It took Chandra Dharua, a free man like anyone else in Independent India, 22 years to have a taste of real freedom.
Forty-five-year-old Dharua, a migrant labourer from Odisha, and his wife, who were in confinement in an Andhra Pradesh brick kiln, arrived at the Bolangir railway station, about 350 km from Bhubaneswar, on 29th august, Wednesday evening.
After being forced to work as bonded labourers, Dharua and his family members were rescued from the kiln in Medak district on Tuesday.
Dharua was just 23 in 1990 when he, along with his wife, had set out to Andhra Pradesh to earn a living by working in a brick manufacturing unit. The couple had hoped to return home within months. But the owner did not let them go. Whenever they attempted to flee, they were subjected to all kinds of torture. When Dharua boarded a train from Hyderabad along with his wife, three daughters and one son on Tuesday evening, he cried inconsolably as he had never imagined that he would return home one day, said Dayasagar Pradhan, an official of Aide-et-Action, an NGO that played a key role in their release.
“I had taken a debt of Rs. 2000 for working in the brick kiln 22 years ago. Initially I used to be paid Rs. 200 a week for food. After 22 years, the amount was raised to Rs. 500 a week. One can easily gauge the traumatic life we had all these years,” Dharua told this correspondent over phone on his arrival at Bolangir.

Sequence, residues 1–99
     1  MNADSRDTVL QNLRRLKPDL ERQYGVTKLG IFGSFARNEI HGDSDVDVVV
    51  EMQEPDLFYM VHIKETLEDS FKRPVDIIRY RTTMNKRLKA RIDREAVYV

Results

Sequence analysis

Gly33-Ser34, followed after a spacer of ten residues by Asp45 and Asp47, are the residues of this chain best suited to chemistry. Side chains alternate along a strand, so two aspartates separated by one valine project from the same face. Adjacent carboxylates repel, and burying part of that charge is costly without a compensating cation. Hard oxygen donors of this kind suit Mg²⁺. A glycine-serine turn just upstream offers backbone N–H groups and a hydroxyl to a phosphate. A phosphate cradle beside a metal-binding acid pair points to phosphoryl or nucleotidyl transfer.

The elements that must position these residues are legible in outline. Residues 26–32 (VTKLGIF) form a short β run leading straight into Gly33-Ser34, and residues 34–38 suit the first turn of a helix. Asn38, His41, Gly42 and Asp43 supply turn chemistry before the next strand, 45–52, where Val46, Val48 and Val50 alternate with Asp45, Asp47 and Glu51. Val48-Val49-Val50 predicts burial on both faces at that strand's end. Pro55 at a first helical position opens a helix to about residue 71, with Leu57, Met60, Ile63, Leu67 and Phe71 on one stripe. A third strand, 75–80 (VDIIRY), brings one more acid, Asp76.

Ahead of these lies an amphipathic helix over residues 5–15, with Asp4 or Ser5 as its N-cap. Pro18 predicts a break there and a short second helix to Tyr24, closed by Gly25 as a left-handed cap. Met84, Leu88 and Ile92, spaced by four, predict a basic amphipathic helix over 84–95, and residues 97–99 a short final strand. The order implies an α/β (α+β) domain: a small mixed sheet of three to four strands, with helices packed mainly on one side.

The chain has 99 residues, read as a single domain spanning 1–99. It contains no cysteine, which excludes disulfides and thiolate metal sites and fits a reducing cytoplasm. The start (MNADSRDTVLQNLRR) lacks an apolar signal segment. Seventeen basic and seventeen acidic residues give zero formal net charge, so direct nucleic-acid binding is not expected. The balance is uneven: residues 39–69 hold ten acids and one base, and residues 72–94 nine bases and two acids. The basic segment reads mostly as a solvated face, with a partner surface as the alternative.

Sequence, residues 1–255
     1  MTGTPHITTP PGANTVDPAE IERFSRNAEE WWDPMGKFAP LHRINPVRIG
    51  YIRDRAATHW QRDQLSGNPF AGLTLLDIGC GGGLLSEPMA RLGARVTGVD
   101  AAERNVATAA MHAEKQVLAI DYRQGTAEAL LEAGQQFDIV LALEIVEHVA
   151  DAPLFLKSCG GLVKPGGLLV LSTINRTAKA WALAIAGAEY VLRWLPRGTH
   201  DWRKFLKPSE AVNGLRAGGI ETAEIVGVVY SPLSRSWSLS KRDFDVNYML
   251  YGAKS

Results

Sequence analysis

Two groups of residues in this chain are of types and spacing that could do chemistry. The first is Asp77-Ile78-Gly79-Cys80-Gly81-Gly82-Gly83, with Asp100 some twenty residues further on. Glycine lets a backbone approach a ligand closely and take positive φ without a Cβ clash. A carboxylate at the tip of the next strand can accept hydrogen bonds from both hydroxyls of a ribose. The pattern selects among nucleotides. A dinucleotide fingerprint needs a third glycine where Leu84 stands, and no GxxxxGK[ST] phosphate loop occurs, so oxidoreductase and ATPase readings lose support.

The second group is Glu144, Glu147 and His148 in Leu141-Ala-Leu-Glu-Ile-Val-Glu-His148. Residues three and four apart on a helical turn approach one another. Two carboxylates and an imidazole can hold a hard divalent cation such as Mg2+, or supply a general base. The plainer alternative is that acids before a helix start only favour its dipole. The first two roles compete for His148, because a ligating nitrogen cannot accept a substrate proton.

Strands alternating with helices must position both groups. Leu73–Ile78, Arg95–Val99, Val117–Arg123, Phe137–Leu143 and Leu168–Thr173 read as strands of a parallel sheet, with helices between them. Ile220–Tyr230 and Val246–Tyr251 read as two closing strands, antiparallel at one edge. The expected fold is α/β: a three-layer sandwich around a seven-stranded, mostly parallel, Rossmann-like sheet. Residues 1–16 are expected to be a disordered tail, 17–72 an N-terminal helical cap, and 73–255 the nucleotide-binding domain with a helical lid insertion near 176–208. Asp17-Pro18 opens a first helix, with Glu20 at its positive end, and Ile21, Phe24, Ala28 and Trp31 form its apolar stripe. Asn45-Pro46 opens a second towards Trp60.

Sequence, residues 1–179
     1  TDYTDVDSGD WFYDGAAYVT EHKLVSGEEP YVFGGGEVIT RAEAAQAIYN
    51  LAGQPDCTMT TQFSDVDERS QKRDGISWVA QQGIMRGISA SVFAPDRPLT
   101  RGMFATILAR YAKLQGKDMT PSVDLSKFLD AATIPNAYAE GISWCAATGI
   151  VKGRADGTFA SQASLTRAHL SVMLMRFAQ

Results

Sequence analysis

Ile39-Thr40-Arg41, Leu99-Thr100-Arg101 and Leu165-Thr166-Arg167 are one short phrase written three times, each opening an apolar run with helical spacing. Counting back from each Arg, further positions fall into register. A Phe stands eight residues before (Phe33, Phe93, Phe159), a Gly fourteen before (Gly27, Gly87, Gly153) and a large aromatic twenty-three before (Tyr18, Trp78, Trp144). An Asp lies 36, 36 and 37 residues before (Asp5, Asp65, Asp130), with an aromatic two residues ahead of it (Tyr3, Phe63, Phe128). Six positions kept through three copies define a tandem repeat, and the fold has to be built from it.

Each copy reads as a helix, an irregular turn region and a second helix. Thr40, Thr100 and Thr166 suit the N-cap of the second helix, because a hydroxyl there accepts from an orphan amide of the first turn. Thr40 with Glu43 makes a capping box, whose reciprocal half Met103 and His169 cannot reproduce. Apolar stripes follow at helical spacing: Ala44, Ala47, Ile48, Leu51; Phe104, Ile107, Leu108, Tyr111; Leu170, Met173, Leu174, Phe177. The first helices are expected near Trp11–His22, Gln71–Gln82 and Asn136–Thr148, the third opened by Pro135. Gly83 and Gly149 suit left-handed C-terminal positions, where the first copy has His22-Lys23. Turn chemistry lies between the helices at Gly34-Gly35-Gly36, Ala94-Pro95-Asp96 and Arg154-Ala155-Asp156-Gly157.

The migrant labourer had only faint memories of his village, relatives and friends. “I don’t know how my brothers look like now,” an emotional Dharua said. He wondered whether his fellow villagers would recognise him or not. But Dharua said he would start life afresh in his native village.
“We had never come across such a painful story of migrants. Usually, a migrating labour family returns home after working for four to five months. Dharua’s story is a severe form of bonded labour,” said Umi Daniel, head of Aide-et-Action, who has been working on migration issues for years.
Mr. Daniel said about one lakh people from western Odisha districts migrate to work in the brick kilns of Andhra Pradesh, Tamil Nadu and Karnataka every year. In a drought year, the number increases by 50 per cent, he said.
Along with Dharua, seven other families who had been working continuously for three years in that kiln, were also rescued. Andhra Pradesh has handed over bonded labour certificates to these migrant families.